The Creation Myth of Creole Cuisine
In the 1700s, young French women were sent to New Orleans carrying their belongings in small wooden boxes, or “caskets.” These casket girls were placed with nuns at the Ursuline Convent until they could become married to colonists.
Without the skills to employ the ingredients of their new home, the exasperated casket girls walked the “streets” of the nascent city, pounding their pots and pans with wooden spoons, creating a noisy, yet cohesive chaos. They demanded that Governor Bienville teach them how to cook the foods of this wild new place, New Orleans.
Bienville bravely faced the women and offered his talented housekeeper, Madame Langlois, to teach the women what she had learned from the local Choctaw Indians. This class in cooking left the women satisfied in their new knowledge of the secrets of Creole cuisine. The uprising became known as the Petticoat Rebellion and Madame Langlois became known as the mother of Creole cuisine.
A romance writer once emailed me, asking for help finding information about Madame Langlois for a novel she was writing. She had had a difficult time finding any mention of Madame Langlois in academic histories of the early city. The only references to the story were found in introductions to cookbooks. The pivotal story of the Petticoat Rebellion, the casket girls, and Madame Langlois would make an intriguing basis for a romance and the writer wanted details—exactly when this had happened, how Madame Langlois had learned from the American Indians, and how this first American cooking school had been established.
Her inability to find more information had a logical explanation: the Petticoat Rebellion never happened. There really are no records of a Madame Langlois or any housekeeper of Bienville. And the casket girls arrived in New Orleans in 1728, when Bienville was no longer governing the city. No letters or reports from the time reflect this story.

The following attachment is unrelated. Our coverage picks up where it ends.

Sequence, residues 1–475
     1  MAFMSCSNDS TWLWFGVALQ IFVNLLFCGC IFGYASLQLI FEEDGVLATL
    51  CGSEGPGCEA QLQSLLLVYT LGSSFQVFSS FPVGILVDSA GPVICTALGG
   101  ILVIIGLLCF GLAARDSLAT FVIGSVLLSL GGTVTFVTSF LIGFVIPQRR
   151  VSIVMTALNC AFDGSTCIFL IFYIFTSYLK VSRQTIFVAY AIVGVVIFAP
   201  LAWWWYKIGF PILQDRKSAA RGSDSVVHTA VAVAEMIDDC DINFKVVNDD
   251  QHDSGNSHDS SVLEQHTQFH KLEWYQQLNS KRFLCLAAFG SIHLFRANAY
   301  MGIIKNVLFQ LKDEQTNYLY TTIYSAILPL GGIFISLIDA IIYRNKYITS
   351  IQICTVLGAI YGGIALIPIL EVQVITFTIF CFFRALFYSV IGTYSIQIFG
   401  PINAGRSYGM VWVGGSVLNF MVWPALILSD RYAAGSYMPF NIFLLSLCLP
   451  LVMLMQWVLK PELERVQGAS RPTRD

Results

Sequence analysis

Looking for a factual explanation for the origin of Creole cuisine is a messy search. Cuisine is truly a social invention; that is, it is developed communally by the group and not by individual invention. Its invention is not something that we can pin down with a definitive date of origin.
We know that the native peoples helped the early explorers find food and that their knowledge of what was edible, where it could be found, and how it could be prepared was fundamental to the settlement of the area. The provisions and seeds that were brought with the Europeans, as well as the European practices and tastes, also began to shape eating practices. And the enslaved Africans brought their own technology, customs, and tastes to bear.
The gradual development of what we eat today or what we might mark as Creole food is difficult to document. Documentation is mostly limited to a written record that was kept primarily by the Europeans and the descendants of Europeans. This lack of written record in our documentation-based society allows those who keep the written record to own the story. And since we have no easily documented story in this society that values its food as a part of its identity, a story must be invented. Origin myths abound in all societies. Madame Langlois and the Petticoat Rebellion is our origin story.
As with all origin stories, this story reveals a lot about the people who tell it—and may even believe it—despite the inability to document it. At its heart, the myth of the Petticoat Rebellion is inaccurate, but it tells a different truth about New Orleans and its origins. This story is European-centric and reveals that the Europeans were dependent when they came to New Orleans and needed help to survive.
It also reveals that the Europeans wished not only to “tame” the new world in which they found themselves, but also to recast it in the artful way that they valued, based on the assets at hand. That is, they were willing to accept that a new way had to be forged. They did not want to simply accept what was here, nor did they try to cling completely to what they had left behind.
Ultimately the myth is controlled by the culture that tells it, but it also provides a rationale for a phenomenon that has no simple explanation. There is no reason for us not to continue to dig for more historical information about the origins of our cuisine from recipes, old documents, old laws, court cases and proclamations, historical illustrations, songs and poems, traditional stories, and wherever else we can find information. But we should also appreciate the unifying Truth that can be gleaned from myth: that the cuisine is so important to our identity that we need myth to express its importance to us.
We love our cuisine, so we romanticize it. We tell a lovely tale of women who wanted to create delicious food in the wild new city. We still want to create and eat delicious food and the story of Madame Langlois connects us to that past desire, which reflects that same desire today.